Are you a ''Vatican II Priest''? Recently, a respected pastor I know, ordained about 35 years ago, complained that he was wary of accepting a newly ordained man in his diocese as his associate because he feared the young guy was not a ''Vatican II priest.'' It got me to thinking about what that term might mean, and examining myself as to whether I was or not.
If the appellation means that I rejoice in the teachings and challenges of that blessed council, fully accept the renewal that came from it, and am committed to the ongoing mandate of implementing its major exhortations and priorities, then, you bet, I'm a ''Vatican II priest.''
If that badge means that the interpretation of the teachings of that council is a closed and finished project, or that this inspired event taught that everything prior to it in the 19 centuries before 1962 had to be thrown out, I guess I'm not a ''Vatican II priest.''
What I hope is that I am indeed a ''priest of the Second Vatican Council,'' and, also, by the way, a priest of the First Vatican Council, of the Council of Trent, of the Lateran Councils, especially, and, for that matter, of Nicaea, Constantinople, Ephesus, and Chalcedon. Hey, and let's not forget the Council of Jerusalem in Acts of the Apostles!
I would hope we would be a priest of all the councils, a priest of the Church.
So, when I was recently speaking about how the sacraments are effective in and by themselves, apart from the faith of the recipient and the reverence of the celebrant - however important such faith and reverence are - and was told by a listener that that view was so ''Council of Trent,'' I replied, ''Why, thank you!''
How about this one? Are you a ''John Paul II priest?'' Here we go again. I hope I am. I love him, consider him a saint, and believe his impact upon me to be profound. But I also have the portrait of Pope Paul VI prominent in my dining room, and consider the four years I was in Rome as a seminarian, 1972-76, all under his pontificate, to be some of the most normative years in my life. Then again, I have read Journal of a Soul by John XXIII three times, and recommend it to others as one of the best spiritual reading books around. For that matter, my study of Pope Pius VII has made an enormous impact on me. I hate to admit it, but sometimes I even act like an ''Alexander VI priest''! Come to think about it, I kind of hope I'm a ''Pope Peter priest.''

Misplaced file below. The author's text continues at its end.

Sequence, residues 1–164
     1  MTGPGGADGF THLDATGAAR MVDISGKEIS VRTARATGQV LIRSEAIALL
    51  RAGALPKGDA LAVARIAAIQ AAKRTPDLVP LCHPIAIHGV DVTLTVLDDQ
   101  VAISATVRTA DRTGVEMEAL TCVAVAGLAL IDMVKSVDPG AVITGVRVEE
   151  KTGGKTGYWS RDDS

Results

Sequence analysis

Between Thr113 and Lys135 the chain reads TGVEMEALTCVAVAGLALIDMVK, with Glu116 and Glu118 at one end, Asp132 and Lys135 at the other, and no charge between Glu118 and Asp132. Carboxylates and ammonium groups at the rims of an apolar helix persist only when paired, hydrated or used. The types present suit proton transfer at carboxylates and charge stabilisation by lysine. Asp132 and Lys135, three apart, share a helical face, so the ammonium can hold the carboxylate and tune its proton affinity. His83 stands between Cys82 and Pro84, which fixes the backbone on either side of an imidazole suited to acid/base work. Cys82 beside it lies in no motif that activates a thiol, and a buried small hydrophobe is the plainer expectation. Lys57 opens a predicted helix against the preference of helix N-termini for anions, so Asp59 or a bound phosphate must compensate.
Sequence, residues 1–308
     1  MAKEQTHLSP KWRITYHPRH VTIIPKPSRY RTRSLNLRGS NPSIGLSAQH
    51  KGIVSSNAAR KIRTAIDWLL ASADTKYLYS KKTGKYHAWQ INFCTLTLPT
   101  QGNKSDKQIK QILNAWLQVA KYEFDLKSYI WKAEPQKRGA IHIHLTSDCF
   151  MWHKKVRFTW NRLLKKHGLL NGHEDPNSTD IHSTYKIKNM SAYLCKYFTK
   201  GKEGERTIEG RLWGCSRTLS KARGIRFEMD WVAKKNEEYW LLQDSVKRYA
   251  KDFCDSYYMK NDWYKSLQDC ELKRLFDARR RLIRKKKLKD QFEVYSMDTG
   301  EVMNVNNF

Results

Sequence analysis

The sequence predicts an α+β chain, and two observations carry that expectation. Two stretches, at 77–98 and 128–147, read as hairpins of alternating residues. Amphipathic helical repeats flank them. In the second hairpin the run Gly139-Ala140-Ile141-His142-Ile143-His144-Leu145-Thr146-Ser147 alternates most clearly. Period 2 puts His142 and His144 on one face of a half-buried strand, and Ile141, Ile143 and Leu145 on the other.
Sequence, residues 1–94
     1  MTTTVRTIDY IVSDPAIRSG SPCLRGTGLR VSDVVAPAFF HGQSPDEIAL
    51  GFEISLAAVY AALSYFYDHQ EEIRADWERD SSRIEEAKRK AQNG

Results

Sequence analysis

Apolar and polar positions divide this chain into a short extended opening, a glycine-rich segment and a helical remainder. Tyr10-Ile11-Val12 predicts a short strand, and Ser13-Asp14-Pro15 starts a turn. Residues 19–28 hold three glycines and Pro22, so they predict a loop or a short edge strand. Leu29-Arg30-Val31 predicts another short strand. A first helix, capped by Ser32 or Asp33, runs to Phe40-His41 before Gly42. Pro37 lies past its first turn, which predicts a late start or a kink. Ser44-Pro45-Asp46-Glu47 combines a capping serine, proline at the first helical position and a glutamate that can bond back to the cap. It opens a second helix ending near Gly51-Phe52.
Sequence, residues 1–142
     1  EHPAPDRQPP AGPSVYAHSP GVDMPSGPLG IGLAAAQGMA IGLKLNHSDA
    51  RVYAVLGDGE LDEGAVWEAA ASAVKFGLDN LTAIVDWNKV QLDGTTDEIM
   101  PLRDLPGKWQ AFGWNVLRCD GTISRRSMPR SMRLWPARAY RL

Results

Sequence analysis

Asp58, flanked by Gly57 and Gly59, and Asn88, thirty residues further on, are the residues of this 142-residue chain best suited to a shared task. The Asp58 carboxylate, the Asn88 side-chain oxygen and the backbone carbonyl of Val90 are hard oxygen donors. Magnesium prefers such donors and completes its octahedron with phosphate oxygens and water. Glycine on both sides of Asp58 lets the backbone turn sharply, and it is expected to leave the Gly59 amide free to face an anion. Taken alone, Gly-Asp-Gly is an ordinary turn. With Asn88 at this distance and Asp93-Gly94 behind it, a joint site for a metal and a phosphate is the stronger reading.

I would hope we would be a priest of all the popes, a priest of the Church.
Sure, I suppose we all have our favorite councils, pontiffs, theologians, saints. But our allegiance as priests is always first and foremost to Jesus and His Church.
So, to the pastor ordained in the 1960s who is leery about taking a newly ordained priest because he is not a ''Vatican II priest,'' I say, ''Loosen-up! If he wasn't committed to that council, he would not have been ordained. Maybe some of his ideas about how best to implement the council's directives differ a bit from yours, but, come on, aren't you the one always praising open-mindedness, diversity and welcoming newer points of view?''
And to the fellow who resists a brother-priest because he is not a ''John Paul II priest,'' I say, ''Give it a rest!'' There were 265 before him, and they all had something to say, too, as does his inspired successor, and John Paul II would be the first to exhort you to be a man of the Church, not a man of any one pontificate.
Seems like St. Paul had something to say about claiming, ''I belong to Cephas . . . or, I belong to Apollo.'' Not good for the unity of the Church. No - we belong to Christ . . . and His one, holy, catholic, and apostolic Church. TP